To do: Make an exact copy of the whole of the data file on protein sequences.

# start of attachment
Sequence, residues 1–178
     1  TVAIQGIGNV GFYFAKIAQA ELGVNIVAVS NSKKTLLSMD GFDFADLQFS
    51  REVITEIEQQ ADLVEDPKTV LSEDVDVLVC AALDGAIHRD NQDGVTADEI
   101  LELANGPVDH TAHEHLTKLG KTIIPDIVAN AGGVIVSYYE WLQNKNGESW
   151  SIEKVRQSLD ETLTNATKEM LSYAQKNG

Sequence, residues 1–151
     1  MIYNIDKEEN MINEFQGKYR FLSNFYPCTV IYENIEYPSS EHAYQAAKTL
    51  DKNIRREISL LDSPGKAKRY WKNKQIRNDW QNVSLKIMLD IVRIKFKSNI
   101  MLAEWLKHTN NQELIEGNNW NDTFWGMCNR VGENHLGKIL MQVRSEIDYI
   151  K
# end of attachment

Sequence, residues 1–178
     1  TVAIQGIGNV GFYFAKIAQA ELGVNIVAVS NSKKTLLSMD GFDFADLQFS
    51  REVITEIEQQ ADLVEDPKTV LSEDVDVLVC AALDGAIHRD NQDGVTADEI
   101  LELANGPVDH TAHEHLTKLG KTIIPDIVAN AGGVIVSYYE WLQNKNGESW
   151  SIEKVRQSLD ETLTNATKEM LSYAQKNG

Sequence, residues 1–151
     1  MIYNIDKEEN MINEFQGKYR FLSNFYPCTV IYENIEYPSS EHAYQAAKTL
    51  DKNIRREISL LDSPGKAKRY WKNKQIRNDW QNVSLKIMLD IVRIKFKSNI
   101  MLAEWLKHTN NQELIEGNNW NDTFWGMCNR VGENHLGKIL MQVRSEIDYI
   151  K